Democrats who plan to vote no on confirmation but it's unclear whether they will filibuster:
1. Sen. Sheldon Whitehouse (Rhode Island) -- "Judge Gorsuch needed to convince me he would not join the posse that has relentlessly stretched the law to benefit Republican partisans and corporations at the expense of everyone else. He did not. He will not get my vote." -- Statement on 3/24/2017
2. Sen. Kamala Harris (California) -- "I cannot support his nomination." -- Op-ed in San Francisco Chronicle on 3/24/2017
3. Sen. Tom Udall (New Mexico) -- "Every recent Supreme Court nominee has received at least 60 votes either for cloture or confirmation. Judge Gorsuch will be subject to the same test, and therefore, I will vote no on his confirmation, including cloture." -- Statement on 3/24/2017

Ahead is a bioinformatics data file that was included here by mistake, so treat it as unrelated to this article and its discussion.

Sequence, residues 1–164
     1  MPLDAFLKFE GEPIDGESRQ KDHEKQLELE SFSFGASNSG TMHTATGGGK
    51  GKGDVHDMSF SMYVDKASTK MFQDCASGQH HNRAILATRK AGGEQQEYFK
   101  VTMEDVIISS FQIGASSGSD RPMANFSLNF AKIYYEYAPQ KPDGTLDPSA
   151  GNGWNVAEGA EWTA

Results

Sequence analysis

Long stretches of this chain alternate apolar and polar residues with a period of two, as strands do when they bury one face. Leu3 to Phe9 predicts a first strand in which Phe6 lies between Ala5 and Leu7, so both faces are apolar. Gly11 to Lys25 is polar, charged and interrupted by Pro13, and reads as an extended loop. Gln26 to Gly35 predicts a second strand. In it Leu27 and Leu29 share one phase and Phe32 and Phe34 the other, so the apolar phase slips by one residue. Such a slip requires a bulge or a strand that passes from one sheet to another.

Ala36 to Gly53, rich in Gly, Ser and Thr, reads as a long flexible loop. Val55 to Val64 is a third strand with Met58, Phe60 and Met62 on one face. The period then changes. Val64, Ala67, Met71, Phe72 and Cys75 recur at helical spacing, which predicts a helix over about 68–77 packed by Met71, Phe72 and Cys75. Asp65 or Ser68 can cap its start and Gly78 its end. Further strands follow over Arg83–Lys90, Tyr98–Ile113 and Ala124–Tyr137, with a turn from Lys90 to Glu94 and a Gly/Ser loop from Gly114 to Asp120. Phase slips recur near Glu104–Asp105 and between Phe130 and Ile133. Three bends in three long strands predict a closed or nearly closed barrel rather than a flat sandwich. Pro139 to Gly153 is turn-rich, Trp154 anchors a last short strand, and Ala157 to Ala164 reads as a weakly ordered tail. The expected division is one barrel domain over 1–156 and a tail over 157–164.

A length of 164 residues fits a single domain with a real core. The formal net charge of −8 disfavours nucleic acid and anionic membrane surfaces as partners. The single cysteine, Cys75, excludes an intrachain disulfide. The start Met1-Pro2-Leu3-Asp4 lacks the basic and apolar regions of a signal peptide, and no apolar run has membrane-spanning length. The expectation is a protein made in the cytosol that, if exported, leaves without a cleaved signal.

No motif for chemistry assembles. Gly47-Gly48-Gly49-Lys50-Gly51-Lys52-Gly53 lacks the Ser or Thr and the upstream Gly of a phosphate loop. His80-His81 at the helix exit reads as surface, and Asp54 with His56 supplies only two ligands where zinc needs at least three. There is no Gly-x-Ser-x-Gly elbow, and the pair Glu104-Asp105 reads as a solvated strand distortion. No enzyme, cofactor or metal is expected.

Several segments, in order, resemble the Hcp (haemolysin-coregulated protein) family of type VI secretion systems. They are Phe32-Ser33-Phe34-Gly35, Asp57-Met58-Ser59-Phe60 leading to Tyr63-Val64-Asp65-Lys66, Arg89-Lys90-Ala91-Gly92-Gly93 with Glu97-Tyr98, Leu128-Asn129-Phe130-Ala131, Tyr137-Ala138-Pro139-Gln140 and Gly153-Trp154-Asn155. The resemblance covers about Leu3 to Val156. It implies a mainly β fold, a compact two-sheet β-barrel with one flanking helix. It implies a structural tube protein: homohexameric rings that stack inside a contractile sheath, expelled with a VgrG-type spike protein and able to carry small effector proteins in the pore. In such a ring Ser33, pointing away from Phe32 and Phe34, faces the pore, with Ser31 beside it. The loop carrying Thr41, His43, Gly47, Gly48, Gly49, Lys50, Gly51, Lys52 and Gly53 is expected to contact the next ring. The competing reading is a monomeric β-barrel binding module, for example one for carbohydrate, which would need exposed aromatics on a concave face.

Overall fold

4. Sen. Jack Reed (Rhode Island) -- "I will not support Judge Gorsuch for the highest court in the land. After carefully examining his judicial record and listening to his testimony, I believe he is a poor choice for the United States Supreme Court." -- Statement on 3/24/2017
5. Sen. Ed Markey (Massachusetts) -- "I will not support the nomination of Judge Gorsuch." -- Statement on 1/31/2017
6. Sen. Sherrod Brown (Ohio) -- "I cannot support any #SCOTUSnominee who does not recognize that corporations are not people. Read my full statement" -- Twitter on 1/31/2017
7. Sen. Cory Booker (New Jersey) -- "I will not vote for Judge Gorsuch. I will oppose his nomination." Twitter on 1/31/2017
8. Sen. Pat Leahy (Vermont) -- "As of now I do not believe I can support Judge Gorsuch. He did not answer basic Qs & was selected by extreme interest groups w an agenda...I am never inclined to filibuster a SCOTUS nom. But I need to see how Judge Gorsuch answers my written Qs, under oath, before deciding." -- Twitter on 3/27/2017